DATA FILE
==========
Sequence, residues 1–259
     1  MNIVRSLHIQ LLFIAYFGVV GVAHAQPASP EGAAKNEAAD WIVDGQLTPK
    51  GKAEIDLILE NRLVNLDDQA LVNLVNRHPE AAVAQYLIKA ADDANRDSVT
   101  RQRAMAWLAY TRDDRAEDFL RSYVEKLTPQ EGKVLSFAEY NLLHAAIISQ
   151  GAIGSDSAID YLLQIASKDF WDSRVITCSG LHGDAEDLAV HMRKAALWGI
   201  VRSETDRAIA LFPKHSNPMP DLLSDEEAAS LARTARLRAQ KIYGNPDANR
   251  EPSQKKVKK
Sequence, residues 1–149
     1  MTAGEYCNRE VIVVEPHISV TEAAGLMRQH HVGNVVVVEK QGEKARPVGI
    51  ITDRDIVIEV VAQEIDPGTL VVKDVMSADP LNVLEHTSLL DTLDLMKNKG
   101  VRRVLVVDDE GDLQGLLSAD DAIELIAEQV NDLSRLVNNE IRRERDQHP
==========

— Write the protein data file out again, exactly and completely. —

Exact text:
Sequence, residues 1–259
     1  MNIVRSLHIQ LLFIAYFGVV GVAHAQPASP EGAAKNEAAD WIVDGQLTPK
    51  GKAEIDLILE NRLVNLDDQA LVNLVNRHPE AAVAQYLIKA ADDANRDSVT
   101  RQRAMAWLAY TRDDRAEDFL RSYVEKLTPQ EGKVLSFAEY NLLHAAIISQ
   151  GAIGSDSAID YLLQIASKDF WDSRVITCSG LHGDAEDLAV HMRKAALWGI
   201  VRSETDRAIA LFPKHSNPMP DLLSDEEAAS LARTARLRAQ KIYGNPDANR
   251  EPSQKKVKK
Sequence, residues 1–149
     1  MTAGEYCNRE VIVVEPHISV TEAAGLMRQH HVGNVVVVEK QGEKARPVGI
    51  ITDRDIVIEV VAQEIDPGTL VVKDVMSADP LNVLEHTSLL DTLDLMKNKG
   101  VRRVLVVDDE GDLQGLLSAD DAIELIAEQV NDLSRLVNNE IRRERDQHP